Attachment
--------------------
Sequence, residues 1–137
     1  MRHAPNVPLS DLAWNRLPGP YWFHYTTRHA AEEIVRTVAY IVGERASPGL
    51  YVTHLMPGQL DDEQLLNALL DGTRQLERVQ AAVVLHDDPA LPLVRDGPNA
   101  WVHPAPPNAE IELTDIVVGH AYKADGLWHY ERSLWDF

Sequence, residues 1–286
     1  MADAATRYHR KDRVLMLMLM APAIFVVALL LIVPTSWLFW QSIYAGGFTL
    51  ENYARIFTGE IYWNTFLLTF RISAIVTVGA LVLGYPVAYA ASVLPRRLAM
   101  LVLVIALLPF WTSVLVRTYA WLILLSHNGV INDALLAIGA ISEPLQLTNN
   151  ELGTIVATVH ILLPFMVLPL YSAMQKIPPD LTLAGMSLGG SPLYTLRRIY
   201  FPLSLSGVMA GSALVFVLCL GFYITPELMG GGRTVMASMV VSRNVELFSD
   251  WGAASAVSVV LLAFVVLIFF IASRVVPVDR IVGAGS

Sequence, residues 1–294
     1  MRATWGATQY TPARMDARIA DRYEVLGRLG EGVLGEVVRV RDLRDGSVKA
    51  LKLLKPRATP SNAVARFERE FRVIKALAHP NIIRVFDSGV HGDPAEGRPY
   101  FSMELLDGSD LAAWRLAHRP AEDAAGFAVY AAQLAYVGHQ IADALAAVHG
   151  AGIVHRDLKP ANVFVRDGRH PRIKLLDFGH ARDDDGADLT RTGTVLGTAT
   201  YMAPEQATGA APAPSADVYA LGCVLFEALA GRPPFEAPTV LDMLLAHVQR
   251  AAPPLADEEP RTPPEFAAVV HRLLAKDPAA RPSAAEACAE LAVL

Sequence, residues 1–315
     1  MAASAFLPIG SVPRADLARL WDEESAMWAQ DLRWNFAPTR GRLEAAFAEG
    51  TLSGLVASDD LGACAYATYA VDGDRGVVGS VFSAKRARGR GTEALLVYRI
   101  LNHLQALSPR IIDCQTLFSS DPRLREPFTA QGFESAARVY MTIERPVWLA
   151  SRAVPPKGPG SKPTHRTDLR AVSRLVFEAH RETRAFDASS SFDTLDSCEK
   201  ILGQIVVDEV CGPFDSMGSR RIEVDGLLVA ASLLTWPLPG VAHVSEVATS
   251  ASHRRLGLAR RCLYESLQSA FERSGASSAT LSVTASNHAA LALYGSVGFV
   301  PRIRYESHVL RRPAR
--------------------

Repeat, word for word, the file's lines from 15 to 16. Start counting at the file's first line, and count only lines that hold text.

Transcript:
   101  FSMELLDGSD LAAWRLAHRP AEDAAGFAVY AAQLAYVGHQ IADALAAVHG
   151  AGIVHRDLKP ANVFVRDGRH PRIKLLDFGH ARDDDGADLT RTGTVLGTAT